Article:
Hopkins' Map of Pittsburgh's Twenty-First Ward, 1872
G.M. Hopkins' Map of Pittsburgh's Twenty-First Ward, 1872
This hand colored map is a steel plate engraving dating to 1872 by the prominent American mapmaker G.M. Hopkins. It depicts what used to be the Twenty-First Ward of Pittsburgh, then defined by the Allegheny River to the north, Penn Avenue to the south, Negley's Run to the west and the City Line to the east. Today, the old Twenty-First Ward makes up Pittsburgh's new Twelfth Ward. In 1906, Allegheny City was absorbed by Pittsburgh. Both old ward systems were discarded and a new 27 ward system was devised to incorporate the newly annexed Allegheny City and older parts of Pittsburgh. The area of Pittsburgh was named by General John Forbes in 1758, after the British statesman William Pitt. Pittsburgh was incorporated as a township in 1771, as a borough in 1794, and chartered as a city in 1816. The Twenty-First Ward was split after the annexation took effect in 1907, with the majority being renamed the Twelfth Ward and a small portion to the southeast becoming part of the Thirteenth Ward of Pittsburgh.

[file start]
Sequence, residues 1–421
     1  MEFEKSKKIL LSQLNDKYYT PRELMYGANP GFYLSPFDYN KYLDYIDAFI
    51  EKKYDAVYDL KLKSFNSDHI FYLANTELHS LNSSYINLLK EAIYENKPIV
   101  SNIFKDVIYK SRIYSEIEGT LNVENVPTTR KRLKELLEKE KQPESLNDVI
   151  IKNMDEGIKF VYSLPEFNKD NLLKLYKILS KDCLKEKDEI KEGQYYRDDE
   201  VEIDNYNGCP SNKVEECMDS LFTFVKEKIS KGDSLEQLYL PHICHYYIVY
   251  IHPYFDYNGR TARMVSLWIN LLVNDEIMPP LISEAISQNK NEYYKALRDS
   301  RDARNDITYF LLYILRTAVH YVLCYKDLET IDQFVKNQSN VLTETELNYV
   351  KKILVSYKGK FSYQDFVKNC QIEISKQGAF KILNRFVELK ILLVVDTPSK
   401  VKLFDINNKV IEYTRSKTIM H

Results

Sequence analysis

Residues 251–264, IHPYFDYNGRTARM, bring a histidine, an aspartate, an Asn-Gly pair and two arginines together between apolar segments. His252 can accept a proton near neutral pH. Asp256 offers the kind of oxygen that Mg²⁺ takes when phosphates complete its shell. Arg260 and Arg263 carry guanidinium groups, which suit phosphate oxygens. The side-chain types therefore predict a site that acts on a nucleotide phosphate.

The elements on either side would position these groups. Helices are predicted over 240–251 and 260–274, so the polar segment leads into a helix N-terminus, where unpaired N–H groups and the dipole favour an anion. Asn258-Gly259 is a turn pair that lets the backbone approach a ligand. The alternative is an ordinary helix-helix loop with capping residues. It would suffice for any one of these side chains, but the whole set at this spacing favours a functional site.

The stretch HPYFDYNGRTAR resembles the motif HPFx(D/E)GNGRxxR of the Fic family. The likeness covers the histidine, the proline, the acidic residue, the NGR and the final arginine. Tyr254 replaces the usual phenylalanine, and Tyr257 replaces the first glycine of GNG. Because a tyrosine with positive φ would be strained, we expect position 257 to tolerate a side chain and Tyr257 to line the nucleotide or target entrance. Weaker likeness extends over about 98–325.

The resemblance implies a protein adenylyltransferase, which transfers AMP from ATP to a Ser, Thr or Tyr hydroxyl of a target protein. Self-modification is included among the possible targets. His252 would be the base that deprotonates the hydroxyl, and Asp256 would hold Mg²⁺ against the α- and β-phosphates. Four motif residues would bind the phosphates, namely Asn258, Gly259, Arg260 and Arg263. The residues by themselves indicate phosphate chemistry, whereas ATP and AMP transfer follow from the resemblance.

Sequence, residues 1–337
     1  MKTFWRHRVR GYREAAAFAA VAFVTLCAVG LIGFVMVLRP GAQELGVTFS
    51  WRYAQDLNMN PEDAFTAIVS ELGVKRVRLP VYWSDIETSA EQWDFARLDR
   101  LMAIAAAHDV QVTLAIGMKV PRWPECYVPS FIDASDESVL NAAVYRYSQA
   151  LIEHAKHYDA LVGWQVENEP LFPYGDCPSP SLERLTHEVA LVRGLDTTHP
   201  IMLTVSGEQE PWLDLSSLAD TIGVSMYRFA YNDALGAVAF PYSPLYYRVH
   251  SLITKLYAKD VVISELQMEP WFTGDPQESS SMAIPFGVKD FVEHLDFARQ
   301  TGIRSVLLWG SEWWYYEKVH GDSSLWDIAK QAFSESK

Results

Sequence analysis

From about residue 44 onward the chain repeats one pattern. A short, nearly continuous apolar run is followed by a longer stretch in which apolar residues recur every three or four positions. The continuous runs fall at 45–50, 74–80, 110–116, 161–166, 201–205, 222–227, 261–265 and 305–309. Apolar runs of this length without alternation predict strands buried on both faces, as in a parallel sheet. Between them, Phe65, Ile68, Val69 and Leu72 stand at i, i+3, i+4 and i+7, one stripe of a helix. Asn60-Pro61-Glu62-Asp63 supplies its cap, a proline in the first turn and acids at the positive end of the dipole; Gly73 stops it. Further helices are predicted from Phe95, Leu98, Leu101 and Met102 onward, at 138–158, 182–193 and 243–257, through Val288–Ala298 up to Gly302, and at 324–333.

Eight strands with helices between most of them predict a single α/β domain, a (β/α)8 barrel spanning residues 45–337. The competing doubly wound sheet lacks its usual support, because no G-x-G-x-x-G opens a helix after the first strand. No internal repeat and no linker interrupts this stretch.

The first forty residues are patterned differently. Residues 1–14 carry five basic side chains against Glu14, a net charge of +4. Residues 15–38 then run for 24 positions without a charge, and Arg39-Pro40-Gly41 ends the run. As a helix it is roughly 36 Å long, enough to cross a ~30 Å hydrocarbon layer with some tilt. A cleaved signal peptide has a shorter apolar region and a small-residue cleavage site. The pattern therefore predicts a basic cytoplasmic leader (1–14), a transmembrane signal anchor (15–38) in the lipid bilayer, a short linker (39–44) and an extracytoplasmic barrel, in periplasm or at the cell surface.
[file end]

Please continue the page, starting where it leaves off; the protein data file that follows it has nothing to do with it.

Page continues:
This stunning map has original hand coloring in shades of pink, green, blue, orange and yellow. This particular map comes from Hopkins' Atlas of Cities of Pittsburgh, Allegheny, and the Adjoining Boroughs. This original antique map is single paged, as issued. Published by G.M. Hopkins at 320 Walnut Street, Philadelphia, in 1872.
- Jenna Hovis
Plate size: 14.25" x 16.5"
Sheet size: 15.25" x 17.25"
Condition: One spot of smeared ink, great condition otherwise